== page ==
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Not as First Appeared

Greenstick tibia

The snow was falling the day before Christmas. Stephen Smith, M.D. sighed softly to himself and thought of his warm recliner next to the fireplace that awaited him as soon as his shift was done. Since graduating medical school, Stephen had made this city his home. Raised in Cape Breton, he had always loved the countryside and the ocean; especially the Highlands. As a child whose parents had taken him to the family summer cottage at Tignish, PEI, and later, he spent his summers fishing in the cold waters of the North Atlantic. That life seems 1000 miles away today. Gazing out the window of the residents lounge at the skyline of Halifax, he thought about all the times he had spent Christmas with his family back on the farm. But he was a new Doc, and low man on the totem pole. It didn’t come down to drawing straws, it came down to seniority. And Stephen had none. So it was 11 AM on what would soon be Christmas Eve, and here he was. Almost on cue, he heard his name being paged and made his way to the ER.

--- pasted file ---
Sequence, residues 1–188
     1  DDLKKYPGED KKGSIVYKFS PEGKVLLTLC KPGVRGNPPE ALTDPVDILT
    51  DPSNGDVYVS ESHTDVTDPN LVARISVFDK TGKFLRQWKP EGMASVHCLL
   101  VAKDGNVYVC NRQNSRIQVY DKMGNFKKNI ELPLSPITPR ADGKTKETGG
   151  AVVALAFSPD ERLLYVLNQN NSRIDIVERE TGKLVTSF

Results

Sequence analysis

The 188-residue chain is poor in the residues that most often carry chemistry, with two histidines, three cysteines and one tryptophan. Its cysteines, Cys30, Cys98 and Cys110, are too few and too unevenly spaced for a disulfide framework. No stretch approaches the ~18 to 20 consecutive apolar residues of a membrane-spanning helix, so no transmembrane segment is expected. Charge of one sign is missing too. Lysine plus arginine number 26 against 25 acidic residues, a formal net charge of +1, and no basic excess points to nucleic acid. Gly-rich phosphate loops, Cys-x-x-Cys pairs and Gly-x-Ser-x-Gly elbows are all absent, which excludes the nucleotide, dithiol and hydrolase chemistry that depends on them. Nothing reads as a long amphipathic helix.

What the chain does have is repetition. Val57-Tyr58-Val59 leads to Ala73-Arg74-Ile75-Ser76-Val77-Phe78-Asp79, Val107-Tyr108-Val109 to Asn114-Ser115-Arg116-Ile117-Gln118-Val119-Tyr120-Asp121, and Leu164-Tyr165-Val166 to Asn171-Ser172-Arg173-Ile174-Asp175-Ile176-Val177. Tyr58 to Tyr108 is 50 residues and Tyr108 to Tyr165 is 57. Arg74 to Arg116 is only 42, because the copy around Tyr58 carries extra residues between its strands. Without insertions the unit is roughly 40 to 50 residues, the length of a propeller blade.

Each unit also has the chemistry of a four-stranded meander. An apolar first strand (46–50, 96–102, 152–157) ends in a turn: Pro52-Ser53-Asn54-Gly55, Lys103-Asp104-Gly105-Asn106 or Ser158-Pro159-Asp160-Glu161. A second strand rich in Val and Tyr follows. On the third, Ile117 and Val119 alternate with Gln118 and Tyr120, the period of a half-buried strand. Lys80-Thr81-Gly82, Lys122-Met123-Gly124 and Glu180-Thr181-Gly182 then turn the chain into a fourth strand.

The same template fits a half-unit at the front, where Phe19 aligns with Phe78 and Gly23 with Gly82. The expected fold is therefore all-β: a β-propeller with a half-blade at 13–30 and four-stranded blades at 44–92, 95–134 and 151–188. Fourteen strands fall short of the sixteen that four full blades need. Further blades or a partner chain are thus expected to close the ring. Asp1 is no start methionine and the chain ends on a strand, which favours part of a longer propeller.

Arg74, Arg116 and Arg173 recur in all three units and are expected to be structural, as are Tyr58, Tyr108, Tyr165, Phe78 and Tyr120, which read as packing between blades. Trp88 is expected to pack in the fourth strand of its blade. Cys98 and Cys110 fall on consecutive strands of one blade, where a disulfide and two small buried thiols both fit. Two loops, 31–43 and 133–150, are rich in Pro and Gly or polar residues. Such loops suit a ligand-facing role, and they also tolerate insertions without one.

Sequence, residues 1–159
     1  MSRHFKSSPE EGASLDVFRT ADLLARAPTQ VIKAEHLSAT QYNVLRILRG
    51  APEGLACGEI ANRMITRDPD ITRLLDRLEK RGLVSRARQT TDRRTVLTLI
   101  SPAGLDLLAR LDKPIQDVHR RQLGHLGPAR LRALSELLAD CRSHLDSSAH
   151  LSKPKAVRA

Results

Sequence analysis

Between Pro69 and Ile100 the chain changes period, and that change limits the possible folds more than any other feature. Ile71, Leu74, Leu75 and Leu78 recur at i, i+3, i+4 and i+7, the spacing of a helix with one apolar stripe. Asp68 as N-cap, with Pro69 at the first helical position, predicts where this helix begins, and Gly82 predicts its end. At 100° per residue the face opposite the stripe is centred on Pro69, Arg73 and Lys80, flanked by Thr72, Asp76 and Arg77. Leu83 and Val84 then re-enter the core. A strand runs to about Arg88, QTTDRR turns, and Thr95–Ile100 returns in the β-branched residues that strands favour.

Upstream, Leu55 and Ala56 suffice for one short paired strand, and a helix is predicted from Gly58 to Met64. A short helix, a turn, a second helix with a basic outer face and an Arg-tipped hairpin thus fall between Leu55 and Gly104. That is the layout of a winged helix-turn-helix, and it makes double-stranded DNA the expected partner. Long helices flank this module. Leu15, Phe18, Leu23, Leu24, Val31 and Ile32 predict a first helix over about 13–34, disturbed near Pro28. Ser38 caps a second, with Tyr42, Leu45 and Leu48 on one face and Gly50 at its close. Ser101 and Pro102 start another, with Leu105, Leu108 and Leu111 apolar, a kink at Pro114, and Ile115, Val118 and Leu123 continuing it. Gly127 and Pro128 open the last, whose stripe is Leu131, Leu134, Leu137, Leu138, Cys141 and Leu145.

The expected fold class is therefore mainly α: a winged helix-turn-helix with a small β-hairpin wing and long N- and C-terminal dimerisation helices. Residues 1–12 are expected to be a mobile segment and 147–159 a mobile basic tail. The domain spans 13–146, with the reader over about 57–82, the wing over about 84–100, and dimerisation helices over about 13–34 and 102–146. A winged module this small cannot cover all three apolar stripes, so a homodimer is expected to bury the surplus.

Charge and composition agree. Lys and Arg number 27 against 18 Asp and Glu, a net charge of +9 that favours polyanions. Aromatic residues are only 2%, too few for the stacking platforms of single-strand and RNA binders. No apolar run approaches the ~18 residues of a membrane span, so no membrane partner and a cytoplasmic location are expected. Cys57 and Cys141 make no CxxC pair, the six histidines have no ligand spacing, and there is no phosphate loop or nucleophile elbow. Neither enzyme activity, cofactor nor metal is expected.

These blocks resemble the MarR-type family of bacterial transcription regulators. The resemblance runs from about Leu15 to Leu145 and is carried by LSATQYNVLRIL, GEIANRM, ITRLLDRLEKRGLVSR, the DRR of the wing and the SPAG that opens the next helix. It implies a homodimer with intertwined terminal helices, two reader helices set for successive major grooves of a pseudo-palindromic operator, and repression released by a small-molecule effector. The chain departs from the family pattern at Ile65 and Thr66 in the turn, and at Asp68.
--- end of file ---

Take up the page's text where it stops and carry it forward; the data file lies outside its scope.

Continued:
Around 11:40 AM, a woman had come into the ER with her six-year-old son. She said that he had tripped going up the stairs to his bedroom, and hurt his leg. The nurse examined it and found no swelling or discoloration; however, it was sore to the touch. His vital signs were all within normal parameters, and after getting information such as age, weight, and height, she asked the secretary to page Dr. Smith. When Dr. Smith arrived at the ER, he saw the mother and son sitting in the exam room. “What seems to be the issue” he asked, smiling at the boy who quickly smiled back. His mother quickly explained the situation, adding that “Keegan is a very clumsy child.” Dr. Smith smiled it Keegan and asked “Is that so?” The boy smiled back and simply said “Sometimes.”